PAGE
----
“Well It’s weird because when I’m working and I’m in what I call, Limahl mode, yeah I’m Limahl. I’m Limahl right now. Of course my mother calls me Christopher. I’ve often wondered, does Elton’s mother call him Reggie? Or Cliff Richard, does his family call him Harry? You know. It’s hard to imagine when it’s somebody else, isn’t it?
[pullquote]I’ve often wondered, does Elton’s mother call him Reggie? Or Cliff Richard, does his family call him Harry? You know. It’s hard to imagine when it’s somebody else, isn’t it?[/pullquote]
It’s so weird because my name isn’t real. It’s an anagram of my surname and yet I’ve become aware over the years that people have named their pets Limahl. I actually found a guy on the internet the other day called Limahl, with the exact same spelling as me; Limahl Taylorson. He’s like a model or something. I was showing my mother who’s got her first iPad, how google images works, and of course being my mother she’s always interested in what Im doing. I put Limahl in google in the search and they all come up with me, some good, some bad and there was this guy called Limahl.
I am partly responsible for the introduction of not only the hairstyle but a name, I’ve invented a name. Maybe I should get a royalty ?”
[pullquote]I am partly responsible for the introduction of not only the hairstyle but a name, I’ve invented a name. Maybe I should get a royalty ?[/pullquote]
When one thinks about Limahl, what they often remember is his iconic hairstyle: The glorious duo-tone mullet. Often emulated, sometimes successfully and often not, spawning a spate of not so fashionable mullets in bogan enclaves. Limahl says that it is one of his favourite subjects and he loves talking about his hairstyle and how it came about:
What happened was in about 1980 I was in a show, a theatre show. I’d done about two years of theatre and I was in a show with music written by Stephen Schwartz, who’s just written something really current. The show was called Godspell, which spawned a big hit, from the 70’s called Day by Day. I can’t remember who did it. It might have been a band called the Fifth Convention or something. I was in Godspell at the Palace Theatre in West Cliff which is on the East Coast in the UK. I was very excited. I was like 19 or 20, I loved this show, because there were six guys and six girls and it was a twelve strong cast and I think there was a character Jesus , and everybody got their own solo song. prior to that I’d been in Joseph. It was great training for singing. The Joseph score is full on, it’s that early genre of rock opera; Jesus Christ Super Star, so in Joseph it was great training, but in Godspell I got my own song to sing and I went to the director Chris Norman and I said to him, Chris, all the girls, six girls, one’s got red hair, one’s got dark hair, one’s blonde, ones got long curly, one’s short and straight, but look at the guys. We’re all exactly the same. We all seem to have brown mousy hair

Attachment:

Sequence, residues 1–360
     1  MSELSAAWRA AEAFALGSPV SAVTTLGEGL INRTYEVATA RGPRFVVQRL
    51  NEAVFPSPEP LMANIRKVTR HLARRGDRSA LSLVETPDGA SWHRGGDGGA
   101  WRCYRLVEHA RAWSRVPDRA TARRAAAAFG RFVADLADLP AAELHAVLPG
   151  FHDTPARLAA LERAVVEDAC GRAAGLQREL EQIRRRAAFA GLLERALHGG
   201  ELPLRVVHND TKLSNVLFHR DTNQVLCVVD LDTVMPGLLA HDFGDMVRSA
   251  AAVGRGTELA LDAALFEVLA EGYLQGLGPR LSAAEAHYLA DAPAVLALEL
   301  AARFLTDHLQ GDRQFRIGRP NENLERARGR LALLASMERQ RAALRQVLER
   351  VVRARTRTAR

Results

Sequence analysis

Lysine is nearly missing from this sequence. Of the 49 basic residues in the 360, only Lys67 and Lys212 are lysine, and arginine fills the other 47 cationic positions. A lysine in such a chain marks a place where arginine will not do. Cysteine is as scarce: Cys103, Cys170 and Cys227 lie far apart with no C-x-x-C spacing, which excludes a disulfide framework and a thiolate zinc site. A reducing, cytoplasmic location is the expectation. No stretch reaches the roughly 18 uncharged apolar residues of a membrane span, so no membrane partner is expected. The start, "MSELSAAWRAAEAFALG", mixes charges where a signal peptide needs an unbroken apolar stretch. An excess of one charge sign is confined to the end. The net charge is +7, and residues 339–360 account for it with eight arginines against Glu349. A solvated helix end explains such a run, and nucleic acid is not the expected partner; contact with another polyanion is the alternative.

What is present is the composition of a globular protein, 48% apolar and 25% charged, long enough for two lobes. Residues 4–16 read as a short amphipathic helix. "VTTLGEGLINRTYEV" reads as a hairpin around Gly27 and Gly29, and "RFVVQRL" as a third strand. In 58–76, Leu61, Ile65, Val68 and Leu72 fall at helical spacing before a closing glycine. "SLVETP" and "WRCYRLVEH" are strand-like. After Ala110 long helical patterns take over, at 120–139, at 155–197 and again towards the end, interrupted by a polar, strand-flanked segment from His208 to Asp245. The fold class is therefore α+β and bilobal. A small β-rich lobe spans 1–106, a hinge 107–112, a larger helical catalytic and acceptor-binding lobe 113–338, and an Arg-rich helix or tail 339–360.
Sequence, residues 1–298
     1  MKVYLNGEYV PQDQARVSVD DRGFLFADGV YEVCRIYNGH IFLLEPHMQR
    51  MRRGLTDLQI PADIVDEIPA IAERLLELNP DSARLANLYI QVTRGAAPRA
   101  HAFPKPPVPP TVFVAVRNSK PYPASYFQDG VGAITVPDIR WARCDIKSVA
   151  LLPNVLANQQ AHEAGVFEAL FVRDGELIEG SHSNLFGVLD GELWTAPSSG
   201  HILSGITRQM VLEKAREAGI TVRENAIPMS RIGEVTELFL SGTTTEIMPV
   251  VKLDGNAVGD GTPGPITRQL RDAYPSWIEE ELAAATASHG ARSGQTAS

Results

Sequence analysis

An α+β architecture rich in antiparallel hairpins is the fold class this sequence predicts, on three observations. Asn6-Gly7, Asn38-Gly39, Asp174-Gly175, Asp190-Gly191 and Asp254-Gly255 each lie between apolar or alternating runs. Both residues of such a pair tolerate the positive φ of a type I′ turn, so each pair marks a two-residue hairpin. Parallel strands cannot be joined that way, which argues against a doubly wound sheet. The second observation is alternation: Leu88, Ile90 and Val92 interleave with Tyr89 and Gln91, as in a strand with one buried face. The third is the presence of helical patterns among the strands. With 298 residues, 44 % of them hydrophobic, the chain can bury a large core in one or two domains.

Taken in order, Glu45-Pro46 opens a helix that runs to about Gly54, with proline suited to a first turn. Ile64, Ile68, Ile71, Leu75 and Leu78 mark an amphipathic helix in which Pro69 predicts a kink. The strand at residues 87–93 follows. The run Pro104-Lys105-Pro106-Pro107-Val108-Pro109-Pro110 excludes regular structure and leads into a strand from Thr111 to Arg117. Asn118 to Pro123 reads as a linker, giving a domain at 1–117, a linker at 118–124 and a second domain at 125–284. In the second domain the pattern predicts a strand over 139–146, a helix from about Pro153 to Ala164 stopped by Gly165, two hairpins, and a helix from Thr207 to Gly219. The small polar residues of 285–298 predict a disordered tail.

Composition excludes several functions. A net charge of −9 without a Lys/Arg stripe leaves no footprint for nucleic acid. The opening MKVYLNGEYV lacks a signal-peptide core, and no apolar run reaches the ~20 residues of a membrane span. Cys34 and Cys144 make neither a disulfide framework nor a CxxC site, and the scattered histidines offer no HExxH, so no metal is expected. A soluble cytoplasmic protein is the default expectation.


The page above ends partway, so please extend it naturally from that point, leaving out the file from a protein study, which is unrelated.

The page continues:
I’d worked in hairdressers from the age of 16. My first proper job was in a hair salon. I thought I was hairdressing, but really I was sweeping the floor and washing hair. The important thing was it introduced me to a creative environment. So I was already thinking about hair. I went to the director and I said we’ve all got exactly the same hair. I’ve always fancied being a blonde. I’ve always fancied dying my hair, he said with blessing. He said go off and get it done, so I went to a hair salon in South End. I came back to the show and was blonde. It was fabulous, I loved it. Suddenly I felt that in the show it helped me to be the character. I felt more individual. I felt stronger really and it was fun. I really loved it
Later on I added the black bits for Kajagoogoo, because it was important to be different , to try and stand out from the crowd, as a band it was fiercely competitive. It kind of evolved a little bit from the first initial blonde. Thats how my hairstyle came about, it really sort of happened over 3 years. It wasn’t how it would’ve been today, maybe the conglomerate record mogul would say “Get the stylist we need to re imagine these people.” We kind of did it ourselves, it was very organic and that’s how it was with most of the other artists that we talked about earlier
I love telling the story, and I love the fact that you asked that because I remember how much fun it was going to do it and coming back all the cast were like I love your hair. I was young, excited so optimistic about the future, and loving what I was doing, so it’s always great to to go back there mentally.”
The 80’s were an important period musically for Gen X ers who were teens growing up and purchased their first records. First records always resonate with music fans when they reminisce about growing up. Limahl elaborates :